The book’s theme surprised me. It’s about a lonely man, his girlfriend and her friends; a group of people who live their lives in a worrisome version of the future. The more I read, the more I saw the parallels between Shteyngart's work of fiction and modern life.
The characters live in a time where America has fallen from grace. The economy is in shambles, with the country deeply indebted to other nations—namely China, and the gap between the haves and the have nots is now a chasm.
Wait…it gets better.
Privacy is virtually non-existant. In this world, appearance and rank dominate. No matter where you are, you’re openly judged by others, and you see your rank change in real time. You’re treated according to the current snapshot of your affairs because it's all that matters.
Unbelievably, every person is measured on looks, financial situation and work status, as determined by the people in the immediate vicinity (aka the f*ckability index). Anything about you that can be measured and reported is available to the masses. You’re an open book for them to peruse, evaluate and discard. And, thanks to your apparat—a small jewelry-like networked device worn around the neck, you immediately see and hear what they think of you whether you want to or not. Think social media on steroids. It’s creepy, scary and unsettling.
Unfortunately, based on current social trends, that fictional reality doesn't seem so unbelievable anymore.
Weights and Measures
It seems we measure and label everything. We measure and label ourselves and then we evaluate our worth, status, and ultimately our right to experience happiness based on our self-assessment relative to our reference group—whichever group we feel most closely aligns with what we want for ourselves. And, thanks to traditional media and now social media, we also allow others to determine our self-worth based on how they rate or "like" our outward persona.
Here are some measurements we flog ourselves with, sometimes multiple times a day:
- Financial health: income, net worth, lineage/inheritance, material acquisition, insurance coverage
- Intelligence: grades/GPA, IQ/aptitude tests, scholarships/awards, education/degrees, knowledge/rote memorization, publications, specialization/expert status
- Status/Merit: wealth (see above), productivity/time deficit, having the right stuff (home, car, kids, vacations, toys, clothing and accessories, technology), employment status and profession (“what do you do?”, promotions, years in industry), criminal offences, address (postal code, country), lineage/inheritance, notoriety (fame), connections (who knows you and who do you know), social media presence (how many “friends”, “followers”, etc. you have)
- Physical appearance: age, gender, nationality, dress size, tatoos/piercings, blemishes/scars, hygiene/aesthetics, features (symmetry, culturally-desirable features), style (flattering/stylish look), body proportions
- Food intake & type: energy (calories), macronutrients (fats, carbohydrates, proteins, alcohols), micronutrients (vitamins, minerals - salt, cholesterol), type (fruits, vegetables, meats/meat alternatives, dairy, grains, fats), natural, processed, prepared, GMO, organic, water (quantity, quality), supplements/drugs (quantity/quality)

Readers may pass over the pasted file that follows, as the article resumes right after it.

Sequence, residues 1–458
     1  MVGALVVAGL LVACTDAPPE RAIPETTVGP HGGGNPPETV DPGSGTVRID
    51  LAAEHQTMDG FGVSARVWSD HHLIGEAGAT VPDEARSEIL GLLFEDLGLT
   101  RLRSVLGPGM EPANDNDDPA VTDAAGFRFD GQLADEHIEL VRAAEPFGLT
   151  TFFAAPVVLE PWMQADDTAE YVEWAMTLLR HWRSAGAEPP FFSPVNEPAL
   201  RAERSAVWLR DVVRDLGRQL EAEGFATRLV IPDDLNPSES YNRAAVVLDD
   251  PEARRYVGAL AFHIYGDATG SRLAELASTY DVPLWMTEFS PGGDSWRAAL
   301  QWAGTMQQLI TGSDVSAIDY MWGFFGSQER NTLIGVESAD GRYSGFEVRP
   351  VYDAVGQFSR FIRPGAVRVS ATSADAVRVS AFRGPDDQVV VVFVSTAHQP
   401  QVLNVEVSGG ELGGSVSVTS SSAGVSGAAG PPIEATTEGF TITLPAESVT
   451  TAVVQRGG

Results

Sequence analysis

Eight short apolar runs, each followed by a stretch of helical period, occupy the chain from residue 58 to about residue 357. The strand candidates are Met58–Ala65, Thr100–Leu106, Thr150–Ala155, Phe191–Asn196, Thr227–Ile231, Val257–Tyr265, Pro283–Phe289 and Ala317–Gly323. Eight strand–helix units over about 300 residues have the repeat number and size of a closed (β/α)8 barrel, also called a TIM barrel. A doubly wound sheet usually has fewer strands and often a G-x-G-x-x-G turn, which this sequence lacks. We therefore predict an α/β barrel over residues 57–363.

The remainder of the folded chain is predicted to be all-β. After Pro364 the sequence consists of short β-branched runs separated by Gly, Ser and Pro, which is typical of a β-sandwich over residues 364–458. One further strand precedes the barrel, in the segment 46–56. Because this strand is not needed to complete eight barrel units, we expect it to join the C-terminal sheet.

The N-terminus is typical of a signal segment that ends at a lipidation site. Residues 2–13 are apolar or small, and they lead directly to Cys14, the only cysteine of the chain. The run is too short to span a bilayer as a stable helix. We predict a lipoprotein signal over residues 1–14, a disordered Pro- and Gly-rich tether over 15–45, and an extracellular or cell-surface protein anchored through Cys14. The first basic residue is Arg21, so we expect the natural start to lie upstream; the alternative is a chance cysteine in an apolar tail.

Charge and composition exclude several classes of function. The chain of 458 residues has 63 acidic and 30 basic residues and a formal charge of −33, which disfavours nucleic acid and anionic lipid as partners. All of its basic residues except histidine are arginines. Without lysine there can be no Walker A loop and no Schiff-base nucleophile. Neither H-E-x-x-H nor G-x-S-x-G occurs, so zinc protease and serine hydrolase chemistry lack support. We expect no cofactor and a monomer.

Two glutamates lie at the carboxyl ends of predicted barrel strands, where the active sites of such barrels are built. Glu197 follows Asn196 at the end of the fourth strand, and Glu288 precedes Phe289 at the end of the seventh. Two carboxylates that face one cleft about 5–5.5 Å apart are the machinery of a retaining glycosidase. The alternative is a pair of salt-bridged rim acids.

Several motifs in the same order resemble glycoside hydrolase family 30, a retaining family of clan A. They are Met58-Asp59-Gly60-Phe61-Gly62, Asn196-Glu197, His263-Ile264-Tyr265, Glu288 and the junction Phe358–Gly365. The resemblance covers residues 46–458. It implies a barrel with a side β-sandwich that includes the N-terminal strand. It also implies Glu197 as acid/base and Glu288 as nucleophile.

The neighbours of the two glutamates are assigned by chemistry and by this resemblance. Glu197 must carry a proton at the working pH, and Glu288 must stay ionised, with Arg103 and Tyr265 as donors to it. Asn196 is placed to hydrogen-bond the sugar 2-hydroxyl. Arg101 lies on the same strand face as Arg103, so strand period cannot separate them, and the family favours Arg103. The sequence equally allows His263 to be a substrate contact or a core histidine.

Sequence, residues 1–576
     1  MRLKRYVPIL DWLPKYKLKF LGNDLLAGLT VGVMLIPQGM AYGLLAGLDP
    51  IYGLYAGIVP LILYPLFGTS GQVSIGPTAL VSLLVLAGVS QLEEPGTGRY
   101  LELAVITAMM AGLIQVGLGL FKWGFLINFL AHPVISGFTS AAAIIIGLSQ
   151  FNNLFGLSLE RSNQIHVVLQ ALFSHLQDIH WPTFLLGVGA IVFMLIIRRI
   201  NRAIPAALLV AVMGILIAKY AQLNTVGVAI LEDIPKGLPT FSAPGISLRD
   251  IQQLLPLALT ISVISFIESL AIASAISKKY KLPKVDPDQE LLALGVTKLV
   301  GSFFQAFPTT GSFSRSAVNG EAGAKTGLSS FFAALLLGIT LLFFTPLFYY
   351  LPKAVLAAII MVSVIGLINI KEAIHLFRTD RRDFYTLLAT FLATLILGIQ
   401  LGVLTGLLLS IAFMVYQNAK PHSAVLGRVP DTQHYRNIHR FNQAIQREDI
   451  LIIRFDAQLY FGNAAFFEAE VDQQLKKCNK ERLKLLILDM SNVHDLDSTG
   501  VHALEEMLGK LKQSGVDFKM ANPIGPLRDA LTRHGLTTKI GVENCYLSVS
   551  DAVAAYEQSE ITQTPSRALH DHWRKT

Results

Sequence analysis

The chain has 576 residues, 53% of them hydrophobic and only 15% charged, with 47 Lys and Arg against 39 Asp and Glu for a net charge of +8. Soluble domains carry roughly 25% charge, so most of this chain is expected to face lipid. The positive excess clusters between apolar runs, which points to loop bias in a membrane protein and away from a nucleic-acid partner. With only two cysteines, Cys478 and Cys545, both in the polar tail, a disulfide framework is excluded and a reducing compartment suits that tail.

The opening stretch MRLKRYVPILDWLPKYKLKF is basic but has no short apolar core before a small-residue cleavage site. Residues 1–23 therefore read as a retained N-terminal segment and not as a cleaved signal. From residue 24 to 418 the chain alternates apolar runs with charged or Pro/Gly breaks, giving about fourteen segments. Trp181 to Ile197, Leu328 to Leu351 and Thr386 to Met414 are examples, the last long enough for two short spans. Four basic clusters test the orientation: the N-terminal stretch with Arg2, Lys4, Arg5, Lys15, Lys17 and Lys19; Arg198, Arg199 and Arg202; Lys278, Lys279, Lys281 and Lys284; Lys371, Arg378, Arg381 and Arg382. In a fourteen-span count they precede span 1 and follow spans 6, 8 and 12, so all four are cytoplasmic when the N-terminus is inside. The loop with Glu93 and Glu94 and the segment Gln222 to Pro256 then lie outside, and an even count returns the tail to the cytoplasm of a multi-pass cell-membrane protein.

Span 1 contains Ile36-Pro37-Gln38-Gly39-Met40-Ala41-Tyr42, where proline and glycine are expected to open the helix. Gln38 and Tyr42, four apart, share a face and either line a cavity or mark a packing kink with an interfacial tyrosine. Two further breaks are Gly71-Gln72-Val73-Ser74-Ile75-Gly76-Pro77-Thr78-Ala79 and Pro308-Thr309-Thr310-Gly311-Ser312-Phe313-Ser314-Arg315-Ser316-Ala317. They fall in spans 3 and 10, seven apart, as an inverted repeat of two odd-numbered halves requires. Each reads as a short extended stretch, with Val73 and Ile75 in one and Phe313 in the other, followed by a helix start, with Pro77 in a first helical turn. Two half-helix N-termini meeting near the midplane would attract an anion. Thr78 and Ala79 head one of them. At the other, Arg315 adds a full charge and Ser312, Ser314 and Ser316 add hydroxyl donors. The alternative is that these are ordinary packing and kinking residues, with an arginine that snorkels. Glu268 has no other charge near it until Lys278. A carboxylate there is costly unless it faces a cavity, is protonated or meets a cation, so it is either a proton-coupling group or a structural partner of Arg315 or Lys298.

- Physical health: weight (& BMI), body fat percentage, blood pressure, blood sugar, heart calcification/blockages, triglycerides/cholesterol, heart rate, VO2Max, strength, flexibility
Most of these measures are noise, partial truths. They’re externally-focused distractions that keep us from living a meaningful life because a measurement is only as good as its interpretation and external cues are meaningless in measuring one’s success in living a good life.
Examples: What good is a health indicator if we don't have context to know whether it's even meaningful in measuring a given person's "health"? What good is knowing a person's income level if their job feels meaningless and he/she is miserable as a result? What does it matter if someone is physically attractive if they're selfish and abrasive? What does the magnitude of your social media presence matter if it's based on a short-lived trend as opposed to a solid reputation built over time?
What’s essential for a good, meaningful life can’t easily be measured and benchmarked because we're the only one who can evaluate our own.
The essentials of a good life lie in thought, self-regulation, self-determination and outlook more than anything else. By their very nature, none of these abstractions are superficial. And because they’re internally-driven, they’re not easily measured or compared. Ultimately, we’re the only ones who can properly evaluate whether we’re satisfied with our level of attention and progress in these important areas:
- Regard for self and others
- Awareness of self and others
What's more, when we focus on how we we're doing in these areas based on what we value most, external measures shift to the background where they belong and we can feel more like ourselves because we're listening to and thinking about what truly matters, to us.
This post contains affiliate links to amazon.com. Purchases made via these links help support the F2P blog. It doesn't cost you anything and helps cover ongoing expenses associated with maintaining this blog. Thank you for your support.